PS. It's also OK to look at the photos and say aaaaaahhhh!
It's a boy and just 100 kilos
The birth - the first of its kind in Asia - is an important step for Thailand in its attempt to save its iconic animals from an alarming decline.
Born at 9.30pm on March 7, the not-yet-named male baby elephant weighed 100 kilograms, was 90 centimetres tall, 120 centimetres long (from its forehead to the tail root), and about 128 centimetres around its chest.
It was healthy and could walk immediately, said Lampang Elephant Hospital head veterinarian Sitthidech Mahasawangkul.
"This is the first time that artificial insemination has been successfully carried out in Thailand and in Asia," Sitthidech said. "We hope that this will help increase the elephant population in Thailand, which has been declining for the past several decades."
It was the second baby for 24-year-old Phang Khod - the first female elephant in the entire region to have been successfully impregnated by the technology since early June 2005.
The semen was from a healthy 15-year-old Plai Jampati - who was born in Israel and later moved to Thailand years ago.
Sitthidech said officials separated the baby from Phang Khod - as she attacked her first baby five years ago - and gave the mother medicine to calm her.
Later on the mother and baby were put together, but the baby was not yet familiar enough with Phang Khod to breastfeed. After circling around its mother for hours, the baby finally started to suckle, bringing relief to the attending veterinarians.
The breastfeeding could last for three years. Phang Khod and the baby would continue to stay together when returned to the Elephant Conservation Centre.
The insemination was a joint effort by the National Elephant Institute (NEI), the Elephant Hospital, Kasetsart University, Chiang Mai University and related agencies. Although there were several previous successful Asian elephant inseminations in the US and Europe, this was the first in Asia, said Sitthidech.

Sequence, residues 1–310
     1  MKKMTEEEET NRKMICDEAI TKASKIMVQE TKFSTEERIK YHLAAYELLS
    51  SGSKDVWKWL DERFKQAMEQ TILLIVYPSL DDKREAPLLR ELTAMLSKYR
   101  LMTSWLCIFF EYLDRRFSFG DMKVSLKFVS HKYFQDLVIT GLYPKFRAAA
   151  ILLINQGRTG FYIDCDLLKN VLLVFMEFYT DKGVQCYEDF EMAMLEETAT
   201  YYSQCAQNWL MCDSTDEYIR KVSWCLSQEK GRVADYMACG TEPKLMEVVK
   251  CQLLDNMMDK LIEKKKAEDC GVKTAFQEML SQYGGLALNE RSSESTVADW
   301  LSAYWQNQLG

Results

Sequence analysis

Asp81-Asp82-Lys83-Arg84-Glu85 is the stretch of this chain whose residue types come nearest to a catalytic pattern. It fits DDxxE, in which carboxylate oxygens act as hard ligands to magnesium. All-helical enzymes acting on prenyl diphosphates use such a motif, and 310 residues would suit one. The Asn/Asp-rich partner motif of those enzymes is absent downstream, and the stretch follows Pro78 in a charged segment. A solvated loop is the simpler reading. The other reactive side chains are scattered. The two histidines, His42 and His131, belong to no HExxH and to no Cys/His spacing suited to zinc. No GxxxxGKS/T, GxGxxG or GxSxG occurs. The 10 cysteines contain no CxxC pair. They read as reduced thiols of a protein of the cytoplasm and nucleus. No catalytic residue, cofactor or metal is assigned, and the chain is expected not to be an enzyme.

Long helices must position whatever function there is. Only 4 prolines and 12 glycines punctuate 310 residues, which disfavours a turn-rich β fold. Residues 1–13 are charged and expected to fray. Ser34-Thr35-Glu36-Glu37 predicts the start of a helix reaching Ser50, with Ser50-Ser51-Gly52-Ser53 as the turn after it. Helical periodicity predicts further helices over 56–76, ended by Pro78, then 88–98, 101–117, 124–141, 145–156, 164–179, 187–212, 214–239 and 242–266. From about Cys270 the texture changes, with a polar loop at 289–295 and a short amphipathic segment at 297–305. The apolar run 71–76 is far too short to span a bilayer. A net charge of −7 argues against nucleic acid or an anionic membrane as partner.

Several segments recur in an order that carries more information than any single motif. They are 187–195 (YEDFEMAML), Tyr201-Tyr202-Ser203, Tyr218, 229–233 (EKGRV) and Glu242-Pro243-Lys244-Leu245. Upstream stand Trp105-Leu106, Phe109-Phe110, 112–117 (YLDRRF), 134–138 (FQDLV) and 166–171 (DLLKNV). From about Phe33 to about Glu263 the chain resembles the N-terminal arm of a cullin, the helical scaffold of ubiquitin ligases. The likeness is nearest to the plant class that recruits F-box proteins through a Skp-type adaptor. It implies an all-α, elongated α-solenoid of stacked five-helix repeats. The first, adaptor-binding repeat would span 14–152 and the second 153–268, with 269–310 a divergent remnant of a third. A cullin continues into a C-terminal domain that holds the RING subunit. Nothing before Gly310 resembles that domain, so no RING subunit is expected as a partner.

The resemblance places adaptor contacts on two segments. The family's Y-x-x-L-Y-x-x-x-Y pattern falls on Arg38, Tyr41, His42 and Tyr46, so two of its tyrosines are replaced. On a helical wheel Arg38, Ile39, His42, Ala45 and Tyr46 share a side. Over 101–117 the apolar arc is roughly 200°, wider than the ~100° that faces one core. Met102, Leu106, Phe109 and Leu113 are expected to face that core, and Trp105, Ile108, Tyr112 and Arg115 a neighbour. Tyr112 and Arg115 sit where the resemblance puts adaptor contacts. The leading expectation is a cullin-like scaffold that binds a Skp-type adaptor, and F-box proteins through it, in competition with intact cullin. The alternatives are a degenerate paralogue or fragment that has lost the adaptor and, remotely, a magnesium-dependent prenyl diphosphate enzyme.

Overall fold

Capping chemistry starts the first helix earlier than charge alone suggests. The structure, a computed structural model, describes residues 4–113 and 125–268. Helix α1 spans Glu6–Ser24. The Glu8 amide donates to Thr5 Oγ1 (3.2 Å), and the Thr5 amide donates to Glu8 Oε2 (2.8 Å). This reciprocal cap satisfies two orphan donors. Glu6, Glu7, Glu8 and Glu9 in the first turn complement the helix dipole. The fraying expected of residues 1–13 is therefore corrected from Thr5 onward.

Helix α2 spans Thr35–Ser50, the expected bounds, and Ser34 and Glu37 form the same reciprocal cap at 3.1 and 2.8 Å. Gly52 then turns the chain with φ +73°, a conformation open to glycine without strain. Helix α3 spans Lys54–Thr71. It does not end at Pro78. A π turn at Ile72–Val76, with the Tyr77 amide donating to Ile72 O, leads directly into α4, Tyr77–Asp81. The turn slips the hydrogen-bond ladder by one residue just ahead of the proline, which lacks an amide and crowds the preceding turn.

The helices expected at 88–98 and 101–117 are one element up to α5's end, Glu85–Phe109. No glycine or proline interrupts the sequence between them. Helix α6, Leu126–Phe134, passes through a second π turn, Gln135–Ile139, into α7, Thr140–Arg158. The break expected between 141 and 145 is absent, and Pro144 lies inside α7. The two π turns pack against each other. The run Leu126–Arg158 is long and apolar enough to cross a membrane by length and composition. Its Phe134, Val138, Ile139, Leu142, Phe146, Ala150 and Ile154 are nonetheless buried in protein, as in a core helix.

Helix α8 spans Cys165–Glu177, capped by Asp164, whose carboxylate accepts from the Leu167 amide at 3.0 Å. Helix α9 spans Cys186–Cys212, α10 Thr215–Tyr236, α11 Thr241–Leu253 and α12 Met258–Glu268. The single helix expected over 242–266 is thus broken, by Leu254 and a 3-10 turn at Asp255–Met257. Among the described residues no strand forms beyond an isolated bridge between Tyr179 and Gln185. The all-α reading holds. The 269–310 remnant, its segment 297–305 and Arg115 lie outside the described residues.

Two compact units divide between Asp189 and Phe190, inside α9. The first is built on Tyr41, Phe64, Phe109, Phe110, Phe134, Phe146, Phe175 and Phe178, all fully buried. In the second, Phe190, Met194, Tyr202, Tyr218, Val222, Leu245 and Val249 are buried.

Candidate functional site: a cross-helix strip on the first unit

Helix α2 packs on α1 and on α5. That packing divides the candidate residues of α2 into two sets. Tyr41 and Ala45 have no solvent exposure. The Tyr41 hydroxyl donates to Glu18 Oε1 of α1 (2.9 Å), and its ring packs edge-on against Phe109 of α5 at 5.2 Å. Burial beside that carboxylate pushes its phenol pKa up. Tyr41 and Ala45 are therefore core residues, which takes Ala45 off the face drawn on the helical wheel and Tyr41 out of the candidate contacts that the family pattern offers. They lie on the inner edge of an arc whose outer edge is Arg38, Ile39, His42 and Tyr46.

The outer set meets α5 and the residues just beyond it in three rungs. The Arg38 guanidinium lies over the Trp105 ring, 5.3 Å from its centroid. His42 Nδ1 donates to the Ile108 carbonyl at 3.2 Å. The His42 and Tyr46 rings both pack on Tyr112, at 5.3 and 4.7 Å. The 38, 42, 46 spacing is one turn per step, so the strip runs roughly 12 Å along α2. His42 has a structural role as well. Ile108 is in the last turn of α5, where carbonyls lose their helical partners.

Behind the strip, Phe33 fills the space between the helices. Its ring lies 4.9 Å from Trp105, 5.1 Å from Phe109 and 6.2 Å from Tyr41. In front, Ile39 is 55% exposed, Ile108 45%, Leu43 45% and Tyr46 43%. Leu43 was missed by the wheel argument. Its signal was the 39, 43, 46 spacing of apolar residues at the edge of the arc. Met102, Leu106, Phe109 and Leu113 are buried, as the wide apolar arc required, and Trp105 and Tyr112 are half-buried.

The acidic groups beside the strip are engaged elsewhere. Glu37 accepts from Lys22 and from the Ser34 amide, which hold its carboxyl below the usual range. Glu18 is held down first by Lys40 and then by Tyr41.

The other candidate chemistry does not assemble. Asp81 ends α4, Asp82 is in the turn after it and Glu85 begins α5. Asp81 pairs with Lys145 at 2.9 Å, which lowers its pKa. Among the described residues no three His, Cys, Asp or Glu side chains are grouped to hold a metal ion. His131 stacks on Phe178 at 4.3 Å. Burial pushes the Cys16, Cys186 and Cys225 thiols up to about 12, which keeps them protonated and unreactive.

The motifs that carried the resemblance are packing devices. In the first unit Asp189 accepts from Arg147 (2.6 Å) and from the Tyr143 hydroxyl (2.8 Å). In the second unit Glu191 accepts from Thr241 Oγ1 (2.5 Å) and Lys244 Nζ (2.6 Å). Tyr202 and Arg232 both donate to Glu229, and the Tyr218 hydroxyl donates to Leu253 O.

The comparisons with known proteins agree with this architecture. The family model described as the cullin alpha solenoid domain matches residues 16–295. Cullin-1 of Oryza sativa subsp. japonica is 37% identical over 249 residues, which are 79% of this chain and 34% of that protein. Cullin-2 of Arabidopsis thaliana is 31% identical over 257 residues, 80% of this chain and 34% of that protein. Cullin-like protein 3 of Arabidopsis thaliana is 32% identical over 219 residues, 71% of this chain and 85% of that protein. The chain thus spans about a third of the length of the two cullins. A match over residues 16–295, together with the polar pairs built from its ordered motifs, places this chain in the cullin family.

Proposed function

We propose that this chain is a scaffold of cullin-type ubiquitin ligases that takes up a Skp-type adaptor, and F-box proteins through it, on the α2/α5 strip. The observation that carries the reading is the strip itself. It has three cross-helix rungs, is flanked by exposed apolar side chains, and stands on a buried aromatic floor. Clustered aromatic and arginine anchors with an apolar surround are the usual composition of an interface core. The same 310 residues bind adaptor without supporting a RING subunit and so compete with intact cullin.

He said the Thai elephant population decline was a result of food and water shortages. Combined with a low birth rate, this resulted in a decreasing amount of productive male elephants in captivity. Moreover, as most breeding beasts worked all year round they could not naturally reproduce in mating periods.
Sitthidech said 20 vets and researchers had introduced fresh semen into Phang Khod on June 10, 2005, using a four-foot-long rubber tube. Phang Khod was found to be pregnant three months later.
Sitthidech also spoke of another research on elephants' frozen semen by the NEI and Kasetsart University, which had been carried out since 2000.
The project is the world's first to succeed in producing frozen semen using biological technology to freeze elephant semen for up to 20-30 years for artificial inseminations, he said. Currently, it had frozen "good-breed" semen - which normally loses 20-30 per cent in strength - in the elephant sperm bank, he said, adding they would do more artificial inseminations in the near future.
There were 2,300 captive elephants and about 2,000 wild elephants in Thailand, according to an NEI report, while the Elephant Conservation Centre currently has 88 elephants.
Anan Paengnoy, The Nation